THE ROLE WOMEN PLAYED DURING THE CIVIL WAR
Brendan Kyek HIS223X2297: Modern War & Society Final Narrative Paper December 10, 2014
Throughout the centuries the role of women have been primarily the same. Most were homemakers or housewives and kept up the house, cleaned, cooked, gave birth to and raised children and did things like sowing. During the American Civil War, however, we can look back and see that women stepped out of this traditional role and put themselves in harms way to support either the Union or the Confederacy. Many ...view middle of the document...
Women of both sides proved to be very adept at the second oldest profession. Due, in part, to the double standard of the time it made sense to employ women as spies. Men caught engaging in any kind of espionage were often shot or hanged1.
Samuelson, Nancy B. "Employment of Female Spies in the American Civil War." Minerva 7, no. 3 (Dec 31, 1989): 57, http://ezproxy.snhu.edu/login?url=http://search.proquest.com/docview/222837441?accountid=3783 (accessed
Harriet Tubman, born Araminta Ross 2, who was more notably known for her work with the underground railroad, served as a nurse, scout, commander, and resettlement agent during the Civil War.3 Not only was she one of a small number of women to serve in the war, she was also one of an even smaller number of African American women to serve in the Civil War. Her role as a spy was to create a network of African American spies throughout the South Carolina slave population to report back to Union forces. But this wasn’t her most notable accomplishment during the war. In June 1863, Harriet Tubman became the first woman to command and lead an armed military raid. This raid was well executed and liberated more than 750 slaves4. Despite all the accomplishments Harriet Tubman made before and during the war, she was still an African American women. This is evident by the following quote::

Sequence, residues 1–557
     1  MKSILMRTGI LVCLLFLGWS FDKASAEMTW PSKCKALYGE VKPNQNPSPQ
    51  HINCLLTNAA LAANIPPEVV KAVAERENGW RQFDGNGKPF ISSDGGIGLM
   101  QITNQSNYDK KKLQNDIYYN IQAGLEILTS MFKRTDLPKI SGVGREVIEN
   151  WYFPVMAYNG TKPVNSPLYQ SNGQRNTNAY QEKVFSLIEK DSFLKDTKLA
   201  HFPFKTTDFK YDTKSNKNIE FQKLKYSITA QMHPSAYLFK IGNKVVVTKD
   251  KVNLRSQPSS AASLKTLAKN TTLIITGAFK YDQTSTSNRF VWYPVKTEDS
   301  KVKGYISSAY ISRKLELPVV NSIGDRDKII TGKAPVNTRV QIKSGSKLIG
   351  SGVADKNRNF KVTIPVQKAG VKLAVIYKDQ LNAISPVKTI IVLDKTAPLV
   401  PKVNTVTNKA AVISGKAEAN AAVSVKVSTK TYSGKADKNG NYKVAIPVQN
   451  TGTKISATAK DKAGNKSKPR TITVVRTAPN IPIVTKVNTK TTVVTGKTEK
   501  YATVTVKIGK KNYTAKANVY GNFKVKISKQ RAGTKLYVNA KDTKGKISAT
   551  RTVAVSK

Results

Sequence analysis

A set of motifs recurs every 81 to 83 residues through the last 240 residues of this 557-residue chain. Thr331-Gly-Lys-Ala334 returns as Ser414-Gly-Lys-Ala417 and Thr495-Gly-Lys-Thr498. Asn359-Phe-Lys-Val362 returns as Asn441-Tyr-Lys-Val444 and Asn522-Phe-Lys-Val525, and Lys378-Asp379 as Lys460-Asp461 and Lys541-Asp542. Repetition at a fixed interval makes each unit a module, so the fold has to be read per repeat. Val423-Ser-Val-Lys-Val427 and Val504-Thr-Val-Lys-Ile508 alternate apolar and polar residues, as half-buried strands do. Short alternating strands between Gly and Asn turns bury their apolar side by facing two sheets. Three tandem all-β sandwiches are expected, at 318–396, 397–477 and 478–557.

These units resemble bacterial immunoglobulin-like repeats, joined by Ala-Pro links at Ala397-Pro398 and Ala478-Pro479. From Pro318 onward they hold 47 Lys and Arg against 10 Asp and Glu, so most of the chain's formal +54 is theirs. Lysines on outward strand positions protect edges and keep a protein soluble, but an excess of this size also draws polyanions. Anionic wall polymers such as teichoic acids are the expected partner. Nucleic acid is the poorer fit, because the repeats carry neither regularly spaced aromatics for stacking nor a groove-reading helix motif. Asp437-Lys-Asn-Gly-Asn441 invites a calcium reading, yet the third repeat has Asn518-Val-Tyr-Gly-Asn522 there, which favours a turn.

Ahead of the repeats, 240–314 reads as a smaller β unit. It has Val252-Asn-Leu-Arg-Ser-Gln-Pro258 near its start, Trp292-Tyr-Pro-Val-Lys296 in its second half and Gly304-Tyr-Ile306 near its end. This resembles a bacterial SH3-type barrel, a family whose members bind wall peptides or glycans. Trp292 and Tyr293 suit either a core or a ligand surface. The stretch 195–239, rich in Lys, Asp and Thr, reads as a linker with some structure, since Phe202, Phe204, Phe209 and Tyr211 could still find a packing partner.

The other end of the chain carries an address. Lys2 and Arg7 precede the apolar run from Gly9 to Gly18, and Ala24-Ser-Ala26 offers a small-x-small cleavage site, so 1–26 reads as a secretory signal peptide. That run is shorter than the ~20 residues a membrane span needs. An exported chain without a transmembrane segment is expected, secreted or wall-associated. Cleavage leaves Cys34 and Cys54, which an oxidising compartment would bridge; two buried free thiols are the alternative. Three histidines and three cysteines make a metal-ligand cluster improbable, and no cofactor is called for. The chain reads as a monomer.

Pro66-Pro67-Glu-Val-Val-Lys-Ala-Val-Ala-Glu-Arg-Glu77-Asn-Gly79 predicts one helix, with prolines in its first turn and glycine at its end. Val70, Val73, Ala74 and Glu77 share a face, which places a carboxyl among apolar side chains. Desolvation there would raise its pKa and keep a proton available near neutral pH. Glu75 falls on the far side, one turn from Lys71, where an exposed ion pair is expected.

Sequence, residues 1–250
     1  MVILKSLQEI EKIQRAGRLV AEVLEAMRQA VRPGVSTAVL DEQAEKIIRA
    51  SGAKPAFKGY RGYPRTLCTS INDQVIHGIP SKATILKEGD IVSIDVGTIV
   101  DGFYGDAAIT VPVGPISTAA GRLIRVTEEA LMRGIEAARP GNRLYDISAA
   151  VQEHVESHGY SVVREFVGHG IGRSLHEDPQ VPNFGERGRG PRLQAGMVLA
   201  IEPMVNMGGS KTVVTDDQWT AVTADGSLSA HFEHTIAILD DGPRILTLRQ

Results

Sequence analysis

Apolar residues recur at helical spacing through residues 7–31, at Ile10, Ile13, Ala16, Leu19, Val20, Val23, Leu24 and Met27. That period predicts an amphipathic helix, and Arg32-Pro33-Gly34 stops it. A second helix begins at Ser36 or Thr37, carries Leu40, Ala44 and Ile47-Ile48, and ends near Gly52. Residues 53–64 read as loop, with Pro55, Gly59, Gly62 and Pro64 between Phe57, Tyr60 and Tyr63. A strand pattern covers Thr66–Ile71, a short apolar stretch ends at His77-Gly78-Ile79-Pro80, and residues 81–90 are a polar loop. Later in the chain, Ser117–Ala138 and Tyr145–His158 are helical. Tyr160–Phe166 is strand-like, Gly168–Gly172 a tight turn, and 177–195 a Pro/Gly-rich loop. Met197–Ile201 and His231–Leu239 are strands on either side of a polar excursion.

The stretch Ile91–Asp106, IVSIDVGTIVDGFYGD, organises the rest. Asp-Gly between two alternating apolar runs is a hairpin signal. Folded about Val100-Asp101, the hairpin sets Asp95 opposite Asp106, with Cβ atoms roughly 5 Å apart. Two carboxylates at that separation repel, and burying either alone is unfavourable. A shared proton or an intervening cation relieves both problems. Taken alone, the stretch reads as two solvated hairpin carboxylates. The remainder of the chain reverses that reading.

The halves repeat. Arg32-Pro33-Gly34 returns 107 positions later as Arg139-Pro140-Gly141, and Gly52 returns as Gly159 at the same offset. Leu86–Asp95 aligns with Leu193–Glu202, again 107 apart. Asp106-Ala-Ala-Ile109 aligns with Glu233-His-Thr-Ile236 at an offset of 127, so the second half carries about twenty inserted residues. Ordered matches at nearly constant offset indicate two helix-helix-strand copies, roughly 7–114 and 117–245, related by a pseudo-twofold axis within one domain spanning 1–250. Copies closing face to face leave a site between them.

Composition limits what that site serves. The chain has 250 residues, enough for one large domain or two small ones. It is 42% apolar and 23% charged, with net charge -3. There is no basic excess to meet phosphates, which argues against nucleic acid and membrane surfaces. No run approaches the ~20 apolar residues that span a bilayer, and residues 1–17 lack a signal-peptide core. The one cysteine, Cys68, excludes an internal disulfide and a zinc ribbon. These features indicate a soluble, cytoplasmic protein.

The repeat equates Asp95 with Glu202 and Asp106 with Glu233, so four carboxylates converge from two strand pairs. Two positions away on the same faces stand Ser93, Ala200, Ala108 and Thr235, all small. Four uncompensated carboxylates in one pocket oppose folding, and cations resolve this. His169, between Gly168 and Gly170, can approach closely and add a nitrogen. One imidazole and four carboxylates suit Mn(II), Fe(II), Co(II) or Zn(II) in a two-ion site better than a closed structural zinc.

As she traveled home to Auburn, New York, by train with a military government pass, a White conductor, assisted by two or three others, dragged her off the train. She resisted and was severely injured by both the physical force and the racial insults. The war had ended, yet her dignity was still being challenged5
Another notable women spy of the Civil War was Rose O’Neal Greenhow. Before the war started she had developed strong friendships and connections with powerful people in Washington and the North. She had personally known nine presidents and her close friendship with president James Buchanan had on occasion raised Washington eyebrows6. Just before the war started it was no secret that her allegiance rests with the South but this did not end her friendships or disconnect from those in the North like most other Southern sympathizers. Instead
Crewe, Sandra E. "Harriet Tubman: Peacemaker and Stateswomen." Affilia 21, no. 2 (Apr 12, 2006): 229 ,http://aff.sagepub.com.ezproxy.snhu.edu/content/21/2/228.full.pdf+html (accessed 11/21/2013). 3 Ibid 230. 4 Crewe, "Harriet Tubman: Peacemaker and Stateswomen." 231 5 Ibid 6 Samualson, “Employment of Female Spies in the American Civil War”
she openly consorted with Northerners and deliberately began collecting valuable intelligence7. ...